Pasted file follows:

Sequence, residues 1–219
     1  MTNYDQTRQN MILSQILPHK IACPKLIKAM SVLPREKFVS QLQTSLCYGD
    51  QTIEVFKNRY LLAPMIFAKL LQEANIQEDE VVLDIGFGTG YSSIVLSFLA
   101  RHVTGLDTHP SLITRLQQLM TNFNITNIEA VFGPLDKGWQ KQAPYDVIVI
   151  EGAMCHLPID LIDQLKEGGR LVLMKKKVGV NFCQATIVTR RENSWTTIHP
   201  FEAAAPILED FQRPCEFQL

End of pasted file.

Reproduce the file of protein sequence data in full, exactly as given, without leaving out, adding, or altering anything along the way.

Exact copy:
Sequence, residues 1–219
     1  MTNYDQTRQN MILSQILPHK IACPKLIKAM SVLPREKFVS QLQTSLCYGD
    51  QTIEVFKNRY LLAPMIFAKL LQEANIQEDE VVLDIGFGTG YSSIVLSFLA
   101  RHVTGLDTHP SLITRLQQLM TNFNITNIEA VFGPLDKGWQ KQAPYDVIVI
   151  EGAMCHLPID LIDQLKEGGR LVLMKKKVGV NFCQATIVTR RENSWTTIHP
   201  FEAAAPILED FQRPCEFQL